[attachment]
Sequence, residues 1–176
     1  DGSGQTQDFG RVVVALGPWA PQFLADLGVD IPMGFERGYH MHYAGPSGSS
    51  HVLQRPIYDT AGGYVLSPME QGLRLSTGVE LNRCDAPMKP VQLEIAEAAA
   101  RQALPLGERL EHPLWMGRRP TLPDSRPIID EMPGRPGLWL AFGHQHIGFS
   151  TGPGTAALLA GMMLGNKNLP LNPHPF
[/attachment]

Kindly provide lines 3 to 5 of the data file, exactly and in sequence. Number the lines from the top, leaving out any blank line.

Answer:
    51  HVLQRPIYDT AGGYVLSPME QGLRLSTGVE LNRCDAPMKP VQLEIAEAAA
   101  RQALPLGERL EHPLWMGRRP TLPDSRPIID EMPGRPGLWL AFGHQHIGFS
   151  TGPGTAALLA GMMLGNKNLP LNPHPF